by Joseph DeSisto
This is a pseudoscorpion. Depending on how you look at it, you might describe it as a scorpion without a stinger, or a tick with pincers. In fact, it is neither.
Pseudoscorpions are arachnids, like spiders, mites and, yes, scorpions. But unlike scorpions, pseudoscorpions are a) tiny, b) don’t have stingers and c) instead inject venom into their tiny prey through glands in their pincers (Weygoldt 1969).
To be more specific, the pseudoscorpion in the picture above is Chelifer cancroides, commonly called the house pseudoscorpion. This species is cosmopolitan — it often associates with humans and lives in buildings, where it feeds on the other assorted animals that dwell in the forgotten cracks and crevices. They are harmless, and do us a favor by keeping pests in check, although their domestic habits can lead to awkward encounters such as this one:
Many pseudoscorpions live on soil and leaf litter, or under the bark of rotting logs. Others have more restrictive habits: there are several species that specialize in living in honey bee hives, where they sneak about among honeycombs and bee larvae. What do they do in bee hives? Some species are beneficial. Others are decidedly not.
A grand total of 15 species of pseudoscorpions have been recorded in honey bee hives, most of them in the tropics (Gonzalez et al. 2008). Many species appear to live exclusively alongside honey bees, but hives have also been found to contain C. cancroides — remember, the one that always seems to turn up in places it shouldn’t.
At least one species, Ellingsenius handrickxi, is definitely not a bee friend — it regularly preys on the bees (Vachon 1954). Another species, Ellingsenius indicus, has been seen travelling about by clinging to the bees’ necks, which may prevent them from gathering nectar and pollen efficiently (Subbiah et al. 1957).
Most pseudoscorpions don’t eat bees, but instead prey on mites, waxworms, and other invertebrates that live in honey bee hives. This can benefit the bees, since some of these squatters rob the hive of its resources: precious wax and honey. Pseudoscorpions also eat bee parasites, including Varroa mites, which can destroy honey bee colonies and devastate beekeepers.
The big question is, can we use pseudoscorpions to help control the Varroa mite? At least some species can be efficiently bred in captivity (Read et al. 2014), and unlike many other predators, pseudoscorpions are comfortable living in groups — cannibalism is rare (Weygoldt 1969).
Several New Zealand entomologists are optimistic, among them Dr. Barry Donovan. He has published several popular and technical articles touting pseudoscorpions as having potential to control Varroa. His evidence is compelling — pseudoscorpions do eat Varroa mites. Video surveillance reveals they will even remove the mites from bee larvae for an easy snack (Fagan et al. 2012).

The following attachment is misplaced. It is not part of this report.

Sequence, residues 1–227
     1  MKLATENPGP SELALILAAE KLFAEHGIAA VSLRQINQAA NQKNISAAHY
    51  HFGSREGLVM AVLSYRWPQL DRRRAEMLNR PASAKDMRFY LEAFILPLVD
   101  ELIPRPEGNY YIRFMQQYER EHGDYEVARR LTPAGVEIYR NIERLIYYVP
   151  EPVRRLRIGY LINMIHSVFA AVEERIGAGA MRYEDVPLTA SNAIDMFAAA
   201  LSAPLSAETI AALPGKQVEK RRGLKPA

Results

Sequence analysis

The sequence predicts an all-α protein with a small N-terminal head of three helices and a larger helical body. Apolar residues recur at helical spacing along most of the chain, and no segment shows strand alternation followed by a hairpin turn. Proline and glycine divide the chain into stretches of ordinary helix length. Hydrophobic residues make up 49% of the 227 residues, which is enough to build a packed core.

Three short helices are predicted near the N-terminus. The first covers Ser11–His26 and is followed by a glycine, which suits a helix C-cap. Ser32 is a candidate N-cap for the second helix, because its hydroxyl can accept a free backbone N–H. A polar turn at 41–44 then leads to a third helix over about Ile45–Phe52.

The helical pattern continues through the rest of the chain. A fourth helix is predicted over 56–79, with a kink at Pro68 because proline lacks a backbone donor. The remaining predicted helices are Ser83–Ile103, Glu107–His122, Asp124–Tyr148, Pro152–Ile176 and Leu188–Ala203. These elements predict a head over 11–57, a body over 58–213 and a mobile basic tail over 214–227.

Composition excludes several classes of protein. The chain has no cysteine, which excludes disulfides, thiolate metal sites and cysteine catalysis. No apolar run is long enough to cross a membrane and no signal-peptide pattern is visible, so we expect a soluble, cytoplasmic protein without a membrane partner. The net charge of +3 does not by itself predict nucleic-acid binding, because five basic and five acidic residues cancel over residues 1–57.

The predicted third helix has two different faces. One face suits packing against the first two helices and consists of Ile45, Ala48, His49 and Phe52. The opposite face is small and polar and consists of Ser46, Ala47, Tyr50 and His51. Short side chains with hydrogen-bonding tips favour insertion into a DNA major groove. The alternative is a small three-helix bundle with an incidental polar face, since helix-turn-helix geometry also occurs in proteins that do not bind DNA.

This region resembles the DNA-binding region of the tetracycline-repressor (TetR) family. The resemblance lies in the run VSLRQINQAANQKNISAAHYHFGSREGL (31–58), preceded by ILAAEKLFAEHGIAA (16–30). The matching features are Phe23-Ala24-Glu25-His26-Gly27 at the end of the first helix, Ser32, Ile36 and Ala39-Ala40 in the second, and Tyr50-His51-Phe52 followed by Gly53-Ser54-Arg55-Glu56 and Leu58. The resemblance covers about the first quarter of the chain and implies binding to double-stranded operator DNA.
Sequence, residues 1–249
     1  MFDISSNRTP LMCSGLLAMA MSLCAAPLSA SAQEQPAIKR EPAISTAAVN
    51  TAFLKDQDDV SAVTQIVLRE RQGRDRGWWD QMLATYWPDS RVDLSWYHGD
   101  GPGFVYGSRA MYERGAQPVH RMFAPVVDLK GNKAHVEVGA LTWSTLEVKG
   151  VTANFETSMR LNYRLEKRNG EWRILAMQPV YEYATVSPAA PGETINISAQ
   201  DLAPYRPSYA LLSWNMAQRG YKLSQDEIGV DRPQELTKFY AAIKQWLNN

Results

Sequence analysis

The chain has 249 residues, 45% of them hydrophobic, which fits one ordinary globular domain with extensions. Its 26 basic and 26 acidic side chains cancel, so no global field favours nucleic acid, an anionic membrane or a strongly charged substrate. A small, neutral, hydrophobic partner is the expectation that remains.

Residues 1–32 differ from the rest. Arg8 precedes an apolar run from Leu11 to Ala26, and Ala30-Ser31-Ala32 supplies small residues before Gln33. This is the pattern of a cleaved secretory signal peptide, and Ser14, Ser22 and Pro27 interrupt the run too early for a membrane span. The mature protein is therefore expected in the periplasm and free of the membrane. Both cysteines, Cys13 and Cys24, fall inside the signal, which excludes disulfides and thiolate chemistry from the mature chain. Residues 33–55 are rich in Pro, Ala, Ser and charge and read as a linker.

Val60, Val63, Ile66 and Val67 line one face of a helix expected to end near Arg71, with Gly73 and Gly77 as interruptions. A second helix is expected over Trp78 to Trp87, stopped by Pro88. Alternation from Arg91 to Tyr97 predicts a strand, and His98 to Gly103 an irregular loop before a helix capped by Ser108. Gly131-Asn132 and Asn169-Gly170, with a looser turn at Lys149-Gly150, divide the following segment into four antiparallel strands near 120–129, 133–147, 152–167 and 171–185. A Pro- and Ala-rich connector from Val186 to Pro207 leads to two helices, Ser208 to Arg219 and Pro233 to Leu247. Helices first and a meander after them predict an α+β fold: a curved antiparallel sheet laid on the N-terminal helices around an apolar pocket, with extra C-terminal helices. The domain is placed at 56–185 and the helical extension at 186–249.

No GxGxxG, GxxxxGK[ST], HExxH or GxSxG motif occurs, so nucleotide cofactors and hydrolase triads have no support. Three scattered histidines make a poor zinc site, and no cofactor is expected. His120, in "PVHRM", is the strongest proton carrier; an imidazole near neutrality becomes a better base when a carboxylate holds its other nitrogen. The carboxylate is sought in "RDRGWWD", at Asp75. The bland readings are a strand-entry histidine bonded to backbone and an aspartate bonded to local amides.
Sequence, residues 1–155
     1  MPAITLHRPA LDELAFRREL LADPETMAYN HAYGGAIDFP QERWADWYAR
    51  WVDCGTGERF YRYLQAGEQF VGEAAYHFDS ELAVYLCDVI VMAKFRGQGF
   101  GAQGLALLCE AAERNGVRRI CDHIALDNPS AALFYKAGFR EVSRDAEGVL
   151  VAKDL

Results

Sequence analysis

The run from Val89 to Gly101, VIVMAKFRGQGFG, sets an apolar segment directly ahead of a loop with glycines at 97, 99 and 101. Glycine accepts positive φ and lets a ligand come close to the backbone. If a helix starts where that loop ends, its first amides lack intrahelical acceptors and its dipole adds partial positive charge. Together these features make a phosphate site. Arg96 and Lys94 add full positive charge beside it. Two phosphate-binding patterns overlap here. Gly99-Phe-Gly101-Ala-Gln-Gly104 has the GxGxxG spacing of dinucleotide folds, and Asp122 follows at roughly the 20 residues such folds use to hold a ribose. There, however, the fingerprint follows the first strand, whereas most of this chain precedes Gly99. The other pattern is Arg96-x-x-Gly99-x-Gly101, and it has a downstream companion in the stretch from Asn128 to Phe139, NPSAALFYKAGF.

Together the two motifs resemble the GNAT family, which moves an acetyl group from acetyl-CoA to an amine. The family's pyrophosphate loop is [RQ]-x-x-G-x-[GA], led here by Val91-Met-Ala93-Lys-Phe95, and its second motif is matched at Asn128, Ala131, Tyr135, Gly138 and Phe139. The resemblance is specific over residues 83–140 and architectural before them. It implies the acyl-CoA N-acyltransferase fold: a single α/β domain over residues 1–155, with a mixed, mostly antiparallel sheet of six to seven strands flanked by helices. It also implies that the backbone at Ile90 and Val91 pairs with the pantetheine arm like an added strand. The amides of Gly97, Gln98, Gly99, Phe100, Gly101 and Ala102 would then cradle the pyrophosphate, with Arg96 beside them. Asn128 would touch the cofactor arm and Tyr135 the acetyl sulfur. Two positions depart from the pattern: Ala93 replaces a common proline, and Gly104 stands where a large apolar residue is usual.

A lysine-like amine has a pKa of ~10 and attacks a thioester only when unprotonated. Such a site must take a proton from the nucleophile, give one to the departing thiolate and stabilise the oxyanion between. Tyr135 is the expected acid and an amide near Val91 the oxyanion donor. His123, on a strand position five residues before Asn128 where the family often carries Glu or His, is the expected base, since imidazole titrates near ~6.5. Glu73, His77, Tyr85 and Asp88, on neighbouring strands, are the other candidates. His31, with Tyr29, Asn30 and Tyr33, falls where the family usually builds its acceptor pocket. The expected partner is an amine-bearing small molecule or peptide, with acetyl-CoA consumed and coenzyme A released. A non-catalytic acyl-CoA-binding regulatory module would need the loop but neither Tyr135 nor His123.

These voracious predators can eat up to nine mites per day, and Fagan et al. (2012) estimate that a population of only 25 pseudoscorpions is enough to control Varroa mites in a typical honey bee hive. So, it seems that pseudoscorpions could be an effective way to control Varroa. Donovan and Paul (2006) even suggest modifying commercial hives to provide “breeding sites” for pseudoscorpions.
It might not be that easy. A systematic study using the pseudoscorpion Ellingsenius indicus in the Himalayas revealed that although this species may eat Varroa, it prefers to eat bee larvae, non-parasitic lice, and the remains of already-dead bees (Thapa et al. 2013). This doesn’t contradict Fagan et al.’s study showing that pseudoscorpions do eat Varroa mites — Fagan et al used a New Zealand species, not E. indicus, but an unspecified pseudoscorpion.
What the Himalayan study does tell us is that knowing all the details, including the exact species relationships, is critical. Some pseudoscorpions are beneficial and eat mites straight off the bees, but others cut out the middle-mite and just eat the bees themselves. Most species probably do both. Pseudoscorpions may prove invaluable in the war against honey bee decline, but for now, there’s a lot left to learn.
Donovan, B.J. and F. Paul. 2006. Pseudoscorpions to the rescue? American Bee Journal 146(10): 867-869.
Fagan, L.L., W.R. Nelson, E.D. Meenken, B.G. Howlett, M.K. Walker, and B.J. Donovan. 2012. Varroa management in small bites. Journal of Applied Entomology 136: 473-475.
Gonzalez, V.H., B. Mantilla, and V. Mahnert. 2007. A new host record for Dasychernes inquilinus (Arachnida, Pseudoscorpiones, Chernetidae), with an overview of pseudoscorpion-bee relationships. Journal of Arachnology 35(3): 470-474.
Read, S., B.G. Howlett, B.J. Donovan, W.R. Nelson, and R.F. van Toor. 2014. Culturing chelifers (Pseudoscorpions) that consume Varroa mites. Journal of Applied Entomology 138: 260-266.
Subbiah, M.S., V. Mahadevan, and R. Janakiraman. 1957. A note on the occurrence of an arachnid – Ellingsenius indicus Chamberlin – infesting bee hives in South India. Indian Journal of Veterinary Science and Animal Husbandry 27: 155-156.
Thapa, R., S. Wongsiri, M.L. Lee, T. Choi. 2013. Predatory behavior of pseudoscorpions (Ellingsenius indicus) associated with Himalayan Apis cerana. Journal of Apicultural Research 52(5): 219-226.
Weygoldt, P. 1969. The Biology of Pseudoscorpions. Cambridge, Massachusetts: Harvard University Press.
Vachon, M. 1954. Remarques sur un Pseudoscorpion vivant dans les ruches d’Abeiltes au Congo Belge, Ellingsenius hendriekxi n. sp. Annales du Musbe royal du Congo Beige, N. S. Zool. 1: 284-287.